NCLB Making a Difference in Maine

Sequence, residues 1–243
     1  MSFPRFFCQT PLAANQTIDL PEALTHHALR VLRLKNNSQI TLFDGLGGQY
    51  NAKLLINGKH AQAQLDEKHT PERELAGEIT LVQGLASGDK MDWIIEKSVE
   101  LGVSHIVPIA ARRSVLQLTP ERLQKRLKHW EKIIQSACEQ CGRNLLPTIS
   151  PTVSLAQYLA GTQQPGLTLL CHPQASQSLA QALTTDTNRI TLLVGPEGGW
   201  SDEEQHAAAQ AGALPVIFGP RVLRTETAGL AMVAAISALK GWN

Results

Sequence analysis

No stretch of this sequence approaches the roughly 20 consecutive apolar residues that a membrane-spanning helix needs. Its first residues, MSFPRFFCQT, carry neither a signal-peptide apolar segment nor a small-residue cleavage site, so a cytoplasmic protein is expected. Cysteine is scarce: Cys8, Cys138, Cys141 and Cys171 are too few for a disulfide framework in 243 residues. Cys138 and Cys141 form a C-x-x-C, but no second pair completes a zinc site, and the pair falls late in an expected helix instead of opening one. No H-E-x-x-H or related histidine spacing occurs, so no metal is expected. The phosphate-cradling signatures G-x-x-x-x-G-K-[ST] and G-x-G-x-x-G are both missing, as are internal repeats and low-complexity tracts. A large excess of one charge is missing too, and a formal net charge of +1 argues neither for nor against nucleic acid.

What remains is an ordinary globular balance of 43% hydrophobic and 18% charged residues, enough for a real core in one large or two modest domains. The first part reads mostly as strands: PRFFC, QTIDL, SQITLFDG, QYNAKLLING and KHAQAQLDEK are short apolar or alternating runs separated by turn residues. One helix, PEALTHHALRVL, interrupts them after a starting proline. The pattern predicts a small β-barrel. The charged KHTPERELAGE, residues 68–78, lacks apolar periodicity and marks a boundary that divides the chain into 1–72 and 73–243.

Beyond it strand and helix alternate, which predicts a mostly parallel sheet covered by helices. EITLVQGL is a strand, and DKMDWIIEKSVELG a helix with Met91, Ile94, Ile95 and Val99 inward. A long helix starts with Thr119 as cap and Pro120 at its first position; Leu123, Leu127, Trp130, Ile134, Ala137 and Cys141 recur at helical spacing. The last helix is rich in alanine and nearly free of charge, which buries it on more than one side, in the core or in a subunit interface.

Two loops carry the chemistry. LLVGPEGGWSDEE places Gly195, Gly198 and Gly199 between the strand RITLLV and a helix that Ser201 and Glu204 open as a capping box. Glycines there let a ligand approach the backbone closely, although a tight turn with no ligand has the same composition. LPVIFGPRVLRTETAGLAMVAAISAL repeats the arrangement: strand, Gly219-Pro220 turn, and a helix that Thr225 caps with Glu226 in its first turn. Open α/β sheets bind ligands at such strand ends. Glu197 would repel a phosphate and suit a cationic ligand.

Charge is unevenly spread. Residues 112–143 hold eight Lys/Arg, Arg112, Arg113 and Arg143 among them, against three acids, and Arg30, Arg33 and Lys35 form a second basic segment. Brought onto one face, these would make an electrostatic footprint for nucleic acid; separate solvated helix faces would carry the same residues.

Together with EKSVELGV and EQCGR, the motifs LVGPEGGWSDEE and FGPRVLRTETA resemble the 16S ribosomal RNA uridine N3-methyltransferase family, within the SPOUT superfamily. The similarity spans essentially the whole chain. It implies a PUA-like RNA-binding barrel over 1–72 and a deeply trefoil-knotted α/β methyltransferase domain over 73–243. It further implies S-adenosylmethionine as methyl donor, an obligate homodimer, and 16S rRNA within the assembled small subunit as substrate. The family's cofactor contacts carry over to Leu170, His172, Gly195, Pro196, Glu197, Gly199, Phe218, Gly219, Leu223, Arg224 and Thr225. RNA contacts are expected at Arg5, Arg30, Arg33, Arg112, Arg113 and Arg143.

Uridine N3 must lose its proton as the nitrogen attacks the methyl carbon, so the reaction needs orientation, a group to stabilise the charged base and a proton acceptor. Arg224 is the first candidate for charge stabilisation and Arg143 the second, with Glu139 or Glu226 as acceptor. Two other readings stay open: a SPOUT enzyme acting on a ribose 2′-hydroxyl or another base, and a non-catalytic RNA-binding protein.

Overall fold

• Between 2002 and 2004 (latest data available), fourth-grade mathematics achievement increased by nine percentage points. (Education Trust) “Aiming to improve student performance by highlighting school systems that are doing well, Standard & Poor’s has analyzed the 111 school districts in Maine that serve students in kindergarten through grade 12. According to the findings, nine school systems scored better on the reading and math portions of the Maine Educational Assessment in 2001-02 and 2002-03 than those with similar numbers of low-income students. In northern and central Maine, the ‘outperforming’ school systems are in Bangor, Easton, Guilford and Fort Kent. The other cited schools are in Cape Elizabeth, Cumberland, Falmouth, Scarborough and Yarmouth. ... Pondering Bangor’s recognition...Superintendent Robert Ervin quickly came up with a number of reasons for the school system’s success. Bangor focuses on strong intervention programs in basic skill areas; sets clear performance expectations for every class for every subject; continually evaluates what students know and what the next instructional steps must be; and perpetuates an attitude that ‘all children are capable of high achievement and that no child will fail in our schools,’ he said.” (Bangor Daily News, 5/26/05) “The [York] school district is making Adequate Yearly Progress in meeting requirements set by the federal No Child Left Behind Act… This year, however, every grade level and subgroup within the school system made AYP. According to [York Superintendent of Schools Henry] Scipione, this places the district above the levels of AYPM [Adequate Yearly Progress Monitor] and Continuous Improvement Priority District Status (CIPDS). Schools rated in the CIPD category must work even harder in order to improve students’ test scores and meet NCLB act requirements.” (Foster’s Daily Democrat, 2/17/05) “Created through the federal education reform law, No Child Left Behind, Early Reading First programs across the country aim to address the growing concern that many children begin kindergarten without the proper foundational skills to succeed. The Early Reading First project in Belfast, called the Alphabet Soup Curriculum, was established in 2003 by Waldo County Preschool and Family Services as one of 30 pilot programs in the nation – and the only one in New England – to receive a $2 million No Child Left Behind grant. … [And] recent studies by the Center for Research and Evaluation at the University of Maine indicate that children in the Waldo County Preschool project have dramatically improved their literacy skills, said [Drew] Sullivan, [project director of the preschool program].… In the fall of 2004, 115 children entering the early reading program were tested and, as a group, were found to have lower than average reading skills. But when they were re-tested in the spring of 2005, they had caught up or even exceeded those children from the first group. The second year’s data showed a 100 percent improvement in overall pre-reading skills. The results are even more remarkable given that 46 percent of children in Early Reading First have been diagnosed as having special needs, and 50 percent are from lowincome families. That puts them at risk of being behind in literacy skills, said Sullivan.” (Bangor Daily News, 6/20/05)